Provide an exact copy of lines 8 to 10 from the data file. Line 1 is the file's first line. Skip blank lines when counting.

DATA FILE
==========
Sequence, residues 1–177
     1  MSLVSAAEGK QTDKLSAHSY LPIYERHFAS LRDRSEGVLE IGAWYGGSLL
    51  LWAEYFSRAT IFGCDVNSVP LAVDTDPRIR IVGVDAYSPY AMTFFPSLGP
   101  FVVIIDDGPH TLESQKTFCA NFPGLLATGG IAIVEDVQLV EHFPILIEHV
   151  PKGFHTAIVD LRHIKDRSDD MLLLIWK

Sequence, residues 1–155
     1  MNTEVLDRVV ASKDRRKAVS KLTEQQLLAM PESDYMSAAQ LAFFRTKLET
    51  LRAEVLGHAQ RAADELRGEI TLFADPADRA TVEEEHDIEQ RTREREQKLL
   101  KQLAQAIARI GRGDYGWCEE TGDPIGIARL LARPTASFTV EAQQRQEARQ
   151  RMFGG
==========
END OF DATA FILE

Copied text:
    51  LRAEVLGHAQ RAADELRGEI TLFADPADRA TVEEEHDIEQ RTREREQKLL
   101  KQLAQAIARI GRGDYGWCEE TGDPIGIARL LARPTASFTV EAQQRQEARQ
   151  RMFGG